Power-line burial plan still stuck in neutral

A decade ago, supporters of burying the India Point power lines in Providence would have balked at waiting until the end of 2014 for a detailed cost estimate of the multimillion dollar project.
Now they consider it progress.
One of the slowest large infrastructure projects in Rhode Island inched forward again in December when state regulators ordered utility National Grid to produce a “construction-grade” estimate of moving the high-voltage wires strung from the Knowledge District to East Providence underground.
The engineering work needed to produce the cost estimate is itself pricey, expected to cost $1 million, and will take at least nine months.
But it’s the first tangible progress for the power-line burial plan since it became mired in a mix of bureaucratic and corporate gridlock several years ago.
“This is something we have been [seeking] for four years,” said David Riley, co-chairman of citizens group Friends of India Point Park and public face of the effort to bury the power lines. “It doesn’t mean it will happen, but it is a positive development.”
The regional transmission lines run from the Manchester Street power station over the Providence River, India Point Park and Seekonk River in East Providence on their way to the Brayton Point power plant in Somerset.
Rising estimates of the cost of putting the 1.2-mile segment between Providence and East Providence in tunnels has been the chief hurdle to making the project happen.
At least $17.2 million has been set aside for the project from a mix of government and private sources, but each time supporters have found new funding, the cost has been revised upwards, creating a gap no one is eager to pay for.
National Grid most recently pegged the cost of the project at $19 million in 2007, upping the initial estimate of $14.5 million. Since 2007, National Grid has tacked on a 3 percent cost escalation to the estimate each year, raising the current price tag to $22.7 million.
Supporters of the project point out that since the 2007 estimate, the economy slumped, the construction market dried up and inflation has remained low, calling into question the 3 percent compounding escalation figure.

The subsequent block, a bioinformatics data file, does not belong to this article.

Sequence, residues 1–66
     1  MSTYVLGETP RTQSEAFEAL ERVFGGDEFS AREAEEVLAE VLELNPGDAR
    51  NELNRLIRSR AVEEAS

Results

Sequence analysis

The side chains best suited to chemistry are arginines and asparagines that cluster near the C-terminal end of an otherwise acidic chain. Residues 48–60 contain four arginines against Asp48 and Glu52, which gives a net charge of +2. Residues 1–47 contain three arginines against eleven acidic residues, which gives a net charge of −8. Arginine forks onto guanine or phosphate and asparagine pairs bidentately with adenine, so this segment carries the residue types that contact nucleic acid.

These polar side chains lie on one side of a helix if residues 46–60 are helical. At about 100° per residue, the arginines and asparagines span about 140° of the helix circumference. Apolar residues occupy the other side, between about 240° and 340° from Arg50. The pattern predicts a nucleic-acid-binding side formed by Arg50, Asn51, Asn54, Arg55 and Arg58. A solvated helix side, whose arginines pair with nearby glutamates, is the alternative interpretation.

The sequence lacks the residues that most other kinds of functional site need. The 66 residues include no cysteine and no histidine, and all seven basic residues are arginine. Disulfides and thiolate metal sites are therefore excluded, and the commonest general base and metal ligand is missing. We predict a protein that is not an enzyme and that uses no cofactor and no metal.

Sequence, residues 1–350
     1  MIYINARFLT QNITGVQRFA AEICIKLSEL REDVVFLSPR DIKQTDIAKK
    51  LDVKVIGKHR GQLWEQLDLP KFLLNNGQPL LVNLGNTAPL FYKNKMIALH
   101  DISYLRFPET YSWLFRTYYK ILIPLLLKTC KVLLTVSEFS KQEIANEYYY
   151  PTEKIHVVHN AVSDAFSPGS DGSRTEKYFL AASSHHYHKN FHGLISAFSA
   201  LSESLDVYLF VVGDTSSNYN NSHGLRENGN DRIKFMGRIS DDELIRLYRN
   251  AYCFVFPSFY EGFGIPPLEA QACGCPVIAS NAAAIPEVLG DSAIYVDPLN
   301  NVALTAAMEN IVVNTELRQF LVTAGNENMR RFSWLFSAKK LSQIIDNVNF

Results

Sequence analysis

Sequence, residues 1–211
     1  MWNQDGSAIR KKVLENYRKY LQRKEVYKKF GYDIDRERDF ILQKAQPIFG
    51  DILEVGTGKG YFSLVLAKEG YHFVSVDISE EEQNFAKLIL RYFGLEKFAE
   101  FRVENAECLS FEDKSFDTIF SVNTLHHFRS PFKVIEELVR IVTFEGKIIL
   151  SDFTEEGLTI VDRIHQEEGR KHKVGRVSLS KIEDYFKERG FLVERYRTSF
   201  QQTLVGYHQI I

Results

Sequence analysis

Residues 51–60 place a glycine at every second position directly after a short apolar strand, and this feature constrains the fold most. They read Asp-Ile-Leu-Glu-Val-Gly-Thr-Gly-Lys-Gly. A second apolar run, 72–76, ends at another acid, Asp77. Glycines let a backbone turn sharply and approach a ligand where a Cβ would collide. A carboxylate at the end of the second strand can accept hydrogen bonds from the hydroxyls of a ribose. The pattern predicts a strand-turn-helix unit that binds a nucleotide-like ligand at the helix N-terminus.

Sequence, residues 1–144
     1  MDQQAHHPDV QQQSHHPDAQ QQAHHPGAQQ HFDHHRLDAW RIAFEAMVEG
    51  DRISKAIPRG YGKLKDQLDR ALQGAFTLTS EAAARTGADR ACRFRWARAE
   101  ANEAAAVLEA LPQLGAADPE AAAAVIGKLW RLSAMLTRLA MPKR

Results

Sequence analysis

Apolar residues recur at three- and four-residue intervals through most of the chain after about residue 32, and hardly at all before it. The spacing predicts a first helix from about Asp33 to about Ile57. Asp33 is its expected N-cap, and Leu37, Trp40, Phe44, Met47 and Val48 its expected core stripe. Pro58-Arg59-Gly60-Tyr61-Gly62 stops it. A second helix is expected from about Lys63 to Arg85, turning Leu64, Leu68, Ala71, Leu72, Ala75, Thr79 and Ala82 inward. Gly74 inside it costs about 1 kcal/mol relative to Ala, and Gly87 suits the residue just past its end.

“It seems unlikely the estimate for the project will increase by the 3 percent escalation figure that National Grid has applied to it, given the sluggish state of the economy and resulting stiff competition among contractors, which has led Narragansett Bay Commission’s construction projects in recent years to come in an average of 36 percent below their estimated cost,” said former R.I. Attorney General Patrick Lynch, an original driver of the project in 2003, in a December letter to state regulators.
To pay for the new cost estimate, the state Energy Facilities Siting Board, which has overseen the project since its inception, ordered National Grid to do so with interest accrued on some of the money being held for the work.
After National Grid consolidated smaller utilities, Providence and East Providence in 2004 agreed to dedicate $5.8 million in cost savings that was going to be refunded to ratepayers toward the power-line burial project.
While the project was being planned, National Grid kept the money in its accounts, but was required by the state to pay interest on it, according to National Grid spokesman David Graves.
Between 2004 and the end of 2012, the $5.8 million set aside for the project earned a healthy $2.3 million in interest, according to the most recent figures filed with the state by the utility. Graves last week said a more recent estimate was not available.
Lynch opposed use of the interest to pay for the new cost estimate on the grounds that National Grid was supposed to have already provided a detailed cost estimate.
In addition to the $5.8 million refund and $2.3 million in interest, the pool of funds dedicated to the power line project include a $2.5 million federal earmark, $2.7 million in state money, $2 million from National Grid, $375,000 in state Greenway borrowing and $1.5 million from ISO New England, the regional power grid operator.
In the 2004 settlement with National Grid over the power lines, Providence and East Providence agreed to cover any funding shortfall with dedicated electric rate increases for its residents, something that has become less popular politically as projected costs have increased.
Lynch argues that the alternatives to burying the lines, including the overhead route north of Washington Bridge, are not feasible and ISO should increase its contribution to pay for burial.
Riley pointed out that if the cost of burial has gone up 3 percent each year, so too has the cost of replacing the overhead lines and ISO’s contribution should rise accordingly.
Under the December order from the Energy Facilities Siting Board, National Grid must hire an engineering firm to do the estimate by March and have the whole thing completed in nine months.
Once the estimate is presented to the Energy Facilities Siting Board, it will likely be up to state, Providence and East Providence officials to plug any funding shortfalls, acquire land in both cities needed for the tunnels and commit to the project. •

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